Another kind of medicine
At the same time, the couple began volunteering at Khammouane Provincial Hospital, where they found well-trained doctors who lacked adequate equipment. Khamtay Phommachanh, head of surgery, had studied in France for three years and recalls when the Schöffls first arrived. “We could only treat some types of fractures. We didn’t have enough medical equipment to provide good care for patients,” says Phommachanh. The first year, he gave Volker a three-page list of what was needed, including femur plates, bone screws, external fixators, and a surgical drill. Within a year, every item was at the hospital.
“I was lucky because, at that time in Germany, we changed our implants from steel to titanium,” says Volker. “A lot of the hospitals had a sh**load of steel plates and screws leftover, and nobody wanted them. I could ship those over, but the drill was always the problem because they are really expensive.”
His solution was to purchase a Bosch drill from the hardware store, but the rubber would melt when put into the autoclave for sterilization. Forced to be resourceful, Volker learned a different technique to sterilize the drill. He used formaldehyde vapor, copying a practice used by nurses in East Germany in the 1950s. “Of course, [using this method] doesn’t really make you happy as a surgeon trained in Europe, but on the other hand, the infection rates we’re having there are not so much higher than here [in Germany],” he says.
For Isabelle, the work has largely been a matter of introducing pediatrics, which was virtually nonexistent upon their arrival. “I’ve managed to bring over a respirator to help infants who are not breathing on their own, but this is still too advanced I think,” she shares. “I’m really looking to get them more informed about what sicknesses there are, what they should be looking out for, and what the parents can do. It’s about education.”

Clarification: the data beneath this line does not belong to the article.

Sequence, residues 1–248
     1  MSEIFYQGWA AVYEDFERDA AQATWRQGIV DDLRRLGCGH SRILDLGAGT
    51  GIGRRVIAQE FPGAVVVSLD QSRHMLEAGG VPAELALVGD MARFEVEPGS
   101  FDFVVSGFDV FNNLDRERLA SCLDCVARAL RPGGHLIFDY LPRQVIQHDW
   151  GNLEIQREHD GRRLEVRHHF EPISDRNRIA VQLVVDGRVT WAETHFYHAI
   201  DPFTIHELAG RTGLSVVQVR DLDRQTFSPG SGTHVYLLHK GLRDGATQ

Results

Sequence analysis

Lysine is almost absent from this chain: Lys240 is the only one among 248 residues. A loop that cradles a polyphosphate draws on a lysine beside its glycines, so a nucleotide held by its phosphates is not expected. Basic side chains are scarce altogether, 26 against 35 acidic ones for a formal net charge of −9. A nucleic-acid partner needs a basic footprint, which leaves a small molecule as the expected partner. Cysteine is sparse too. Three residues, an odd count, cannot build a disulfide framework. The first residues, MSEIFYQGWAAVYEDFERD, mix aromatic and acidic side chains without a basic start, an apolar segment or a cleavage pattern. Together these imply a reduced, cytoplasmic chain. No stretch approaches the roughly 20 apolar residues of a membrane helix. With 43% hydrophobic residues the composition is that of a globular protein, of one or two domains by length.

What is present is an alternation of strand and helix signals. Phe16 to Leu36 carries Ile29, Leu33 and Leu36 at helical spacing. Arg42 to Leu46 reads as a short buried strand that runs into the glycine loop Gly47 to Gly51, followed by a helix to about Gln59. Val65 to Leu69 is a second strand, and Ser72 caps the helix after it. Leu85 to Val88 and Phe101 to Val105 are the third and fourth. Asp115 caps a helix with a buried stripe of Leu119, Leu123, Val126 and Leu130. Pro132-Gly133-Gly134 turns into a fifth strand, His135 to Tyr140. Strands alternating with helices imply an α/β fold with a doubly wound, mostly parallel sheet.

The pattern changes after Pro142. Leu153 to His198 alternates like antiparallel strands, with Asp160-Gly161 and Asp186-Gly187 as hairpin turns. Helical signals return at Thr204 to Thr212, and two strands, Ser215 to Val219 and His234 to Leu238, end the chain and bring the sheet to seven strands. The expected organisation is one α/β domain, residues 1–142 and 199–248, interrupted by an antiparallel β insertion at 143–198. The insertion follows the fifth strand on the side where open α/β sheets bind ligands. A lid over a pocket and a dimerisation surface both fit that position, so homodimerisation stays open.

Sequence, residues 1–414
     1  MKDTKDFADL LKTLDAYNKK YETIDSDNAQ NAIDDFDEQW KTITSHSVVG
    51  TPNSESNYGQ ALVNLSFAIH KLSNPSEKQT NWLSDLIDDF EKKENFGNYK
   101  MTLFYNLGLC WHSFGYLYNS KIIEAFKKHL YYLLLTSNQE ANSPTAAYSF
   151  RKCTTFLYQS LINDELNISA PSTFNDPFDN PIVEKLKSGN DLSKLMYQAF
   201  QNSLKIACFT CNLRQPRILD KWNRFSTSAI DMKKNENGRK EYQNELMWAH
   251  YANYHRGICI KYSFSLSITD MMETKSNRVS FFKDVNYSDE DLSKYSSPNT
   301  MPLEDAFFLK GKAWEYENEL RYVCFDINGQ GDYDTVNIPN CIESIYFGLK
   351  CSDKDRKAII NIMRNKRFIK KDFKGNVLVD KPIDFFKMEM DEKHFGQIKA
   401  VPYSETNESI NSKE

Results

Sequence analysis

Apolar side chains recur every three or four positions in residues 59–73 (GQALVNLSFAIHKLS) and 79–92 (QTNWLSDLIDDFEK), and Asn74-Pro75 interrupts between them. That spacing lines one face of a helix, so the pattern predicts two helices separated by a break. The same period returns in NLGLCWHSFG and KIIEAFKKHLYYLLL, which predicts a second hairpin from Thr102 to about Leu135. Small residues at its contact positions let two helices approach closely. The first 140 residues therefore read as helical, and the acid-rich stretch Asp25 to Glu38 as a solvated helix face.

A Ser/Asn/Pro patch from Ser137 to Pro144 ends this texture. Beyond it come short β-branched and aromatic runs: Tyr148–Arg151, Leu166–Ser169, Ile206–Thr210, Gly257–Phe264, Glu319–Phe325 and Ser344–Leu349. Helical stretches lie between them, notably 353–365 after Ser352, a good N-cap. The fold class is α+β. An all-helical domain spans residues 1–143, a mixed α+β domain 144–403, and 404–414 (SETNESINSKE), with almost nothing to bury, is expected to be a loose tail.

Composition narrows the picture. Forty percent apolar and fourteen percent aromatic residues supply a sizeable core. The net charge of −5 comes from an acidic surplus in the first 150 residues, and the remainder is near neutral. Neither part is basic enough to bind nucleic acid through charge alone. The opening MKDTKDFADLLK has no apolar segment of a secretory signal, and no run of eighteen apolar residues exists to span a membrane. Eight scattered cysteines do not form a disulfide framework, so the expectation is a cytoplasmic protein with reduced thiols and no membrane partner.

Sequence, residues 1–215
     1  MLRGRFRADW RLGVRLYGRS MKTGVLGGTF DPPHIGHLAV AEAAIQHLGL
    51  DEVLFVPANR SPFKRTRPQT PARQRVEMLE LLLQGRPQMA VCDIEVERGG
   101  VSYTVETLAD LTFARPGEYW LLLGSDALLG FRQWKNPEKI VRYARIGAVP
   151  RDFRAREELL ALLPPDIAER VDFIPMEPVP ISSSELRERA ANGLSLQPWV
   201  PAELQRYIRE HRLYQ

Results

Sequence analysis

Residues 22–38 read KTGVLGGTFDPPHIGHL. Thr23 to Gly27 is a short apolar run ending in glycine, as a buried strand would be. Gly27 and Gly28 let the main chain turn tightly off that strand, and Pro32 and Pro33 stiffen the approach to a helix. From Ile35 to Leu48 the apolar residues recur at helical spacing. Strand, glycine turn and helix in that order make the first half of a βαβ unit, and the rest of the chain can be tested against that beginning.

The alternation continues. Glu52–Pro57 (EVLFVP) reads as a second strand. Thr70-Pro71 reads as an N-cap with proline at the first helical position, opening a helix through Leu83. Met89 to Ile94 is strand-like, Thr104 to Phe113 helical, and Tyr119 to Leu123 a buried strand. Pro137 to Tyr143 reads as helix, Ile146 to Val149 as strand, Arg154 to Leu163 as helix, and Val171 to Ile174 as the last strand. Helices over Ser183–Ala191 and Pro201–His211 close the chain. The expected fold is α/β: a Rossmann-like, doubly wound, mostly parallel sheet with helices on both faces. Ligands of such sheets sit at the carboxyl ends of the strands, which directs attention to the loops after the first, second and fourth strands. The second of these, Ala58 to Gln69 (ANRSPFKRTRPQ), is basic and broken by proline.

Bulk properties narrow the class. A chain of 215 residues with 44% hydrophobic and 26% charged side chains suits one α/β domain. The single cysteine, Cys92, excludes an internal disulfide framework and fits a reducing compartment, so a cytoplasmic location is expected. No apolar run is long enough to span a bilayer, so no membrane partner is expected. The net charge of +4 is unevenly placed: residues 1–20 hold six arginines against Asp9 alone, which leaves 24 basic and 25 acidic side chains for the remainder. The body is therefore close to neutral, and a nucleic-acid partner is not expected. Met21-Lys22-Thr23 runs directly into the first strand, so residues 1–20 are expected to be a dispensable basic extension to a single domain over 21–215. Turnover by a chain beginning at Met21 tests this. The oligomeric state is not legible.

In a country where the infant mortality rate remains at a grim 49 deaths per 1,000 births, according to The World Bank, it’s a difficult undertaking, though she’s able to see the rewarding side. “It’s another type of medicine, another view in life,” says Isabelle. “If I don’t work here [in Germany] someone else can do my job just as well. But there, the parents are thankful and bring you fish or invite you to dinner. It’s a totally different appreciation that you get.”
Over the years, Phommachanh estimates that the couple has provided the hospital with hundreds of thousands of dollars’ worth of supplies through their foundation, Medizinhilfe Laos, including an operating table, a C-arm X-ray machine, and a proper surgical drill. Their 2017 trip to Thakhek was captured in the award-winning documentary Of Rocks and Needles.
More cliffs to climb
Meanwhile, the valley they discovered nearly a decade ago has emerged as one of Southeast Asia’s top climbing destinations. After reading of their expedition in Klettern, another German couple contacted the Schöffls and worked with Deuansavanh to further develop the climbing area. Today, there’s a low-key homestay located in the valley, Green Climbers Home, that draws over 2,000 climbers a year, provides access to 400 bolted routes, and employs 30 local staff. The town, too, has seen its own transformation in recent years, with new hotels, guesthouses, and restaurants that cater to Western travelers.
While their trips to Laos are focused more on the hospital and less on climbing these days, Volker sees immense potential for further development of the sport as the country looks to reshape its identity into an adventure tourism destination. “There are so many more cliffs that could be bolted,” he says. “But I don’t know how many people are out there who are so adventurous to look for new areas and do it.”